Identropy Moves Application Provisioning to the Cloud

Michael Vizard

One of the most significant challenges that any IT organization faces when it comes to managing cloud applications is provisioning access. By and large, Microsoft Active Directory is the dominant method IT organizations rely on to provision access to applications within the enterprise. The problem is that Active Directory can’t be easily extended out to manage applications in the cloud.

What’s really needed is a way to provision application access using an identity management offering that can manage applications on premise and in the cloud. To address that specific issue, Identropy today launched an identity-as-a-service (IaaS) offering called SCUID Lifecycle that is based on technology that Identropy previously made available as a managed service.

According to Identropy Chief Architect Nishant Kaushik, SCUID Lifecycle goes beyond simply providing users with a single sign-on password capability by giving IT organizations all the tools they need to actually provision applications via the cloud without incurring massive system integration costs. Identropy includes support for most popular cloud applications and, says Kaushik, can be extended to support other applications via the emerging System for Cross-Domain Identity Management (SCIM) standard.

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Kaushik concedes that when it comes to replacing Active Directory, there is a lot of emotional resistance in the enterprise. For that reason, Identropy has made sure that SCUID Lifecycle is compatible with on-premise installations of Active Directory. But from a practical perspective, Kaushik says that in the age of the cloud it now makes more sense to manage application provisioning via a cloud service that can more easily adapt to new applications that are being unfurled on a cloud on an almost daily basis. That’s especially true, says Kaushik, when you consider the fact that going forward, the very nature of identity management across multiple organizations is going to require a federated approach. In fact, it’s that requirement that is driving a lot of the interest in being able to use, for example, LinkedIn credentials, to give people access to any number of cloud applications.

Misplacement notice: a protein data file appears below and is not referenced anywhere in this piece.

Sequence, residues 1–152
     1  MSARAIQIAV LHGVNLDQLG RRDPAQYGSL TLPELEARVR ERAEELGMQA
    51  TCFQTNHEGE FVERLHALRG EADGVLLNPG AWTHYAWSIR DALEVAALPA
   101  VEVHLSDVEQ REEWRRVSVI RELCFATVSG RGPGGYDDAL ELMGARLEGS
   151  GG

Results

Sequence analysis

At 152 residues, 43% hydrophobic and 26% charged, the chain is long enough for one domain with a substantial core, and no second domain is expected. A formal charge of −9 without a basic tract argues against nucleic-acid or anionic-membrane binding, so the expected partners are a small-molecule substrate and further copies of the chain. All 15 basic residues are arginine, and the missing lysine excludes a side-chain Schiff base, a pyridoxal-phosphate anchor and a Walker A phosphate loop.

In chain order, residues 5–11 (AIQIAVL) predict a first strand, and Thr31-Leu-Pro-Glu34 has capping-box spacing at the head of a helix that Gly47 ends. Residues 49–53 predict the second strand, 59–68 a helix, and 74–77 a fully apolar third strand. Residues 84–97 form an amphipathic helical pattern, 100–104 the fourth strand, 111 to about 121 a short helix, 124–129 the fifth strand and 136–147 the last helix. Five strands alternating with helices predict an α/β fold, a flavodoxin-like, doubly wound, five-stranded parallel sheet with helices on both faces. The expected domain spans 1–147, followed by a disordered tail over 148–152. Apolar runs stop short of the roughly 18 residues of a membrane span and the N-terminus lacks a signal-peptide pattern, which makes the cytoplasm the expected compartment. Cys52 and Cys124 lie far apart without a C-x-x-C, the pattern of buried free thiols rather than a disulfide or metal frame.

Kaushik says that obviously that “bring your own identity” approach may not work for applications loaded with sensitive corporate data, but for a lot of cloud applications that simply need to authenticate users before granting access, a credential validated by LinkedIn would be sufficient.

Clearly, identity management needs to evolve across the enterprise, which is one reason Microsoft has moved to host Active Directory on top of its Azure cloud platform. But in a world where Windows is no longer the dominant enterprise platform, approaches to identity management that can be more easily extended to cloud applications running on any platform may be worth some further investigation.



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Jan 9, 2013 2:15 PM RB RB  says:
I am defining the provisioning processes for 90000 users moving to Google from Exchange and there is no chance the organization would entertain the thought of users registering in the cloud for services in the cloud. The element of risk is far to great that users will associate their private (or other) email addresses with those services and eventually find a backdoor to corporate data sitting on VMs, storage vaults, etc.. Our policy for provisioning all the users with the services they need in the cloud is through enterprise based IDM tools where full control of the provisioning logic and audit trails can be recorded. It is my firm belief that this hallowed ground in enterprises of the size I work for will never be allowed to be trampled on in the same way that mid-sized businesses may allow it because of cost considerations. Prove me wrong. Reply
Jan 10, 2013 1:19 PM Jim Jim  says: in response to RB
RB, You're implying that there are controls you could apply in the enterprise which could not be applied in a cloud service. You said that "the element of risk is far to great that users will associate their private (or other) email addresses with those services". I assume you mean you would restrict user accounts to only have email addresses in a certain domain. Why couldn't this be enforced in a cloud IDM tool? Reply

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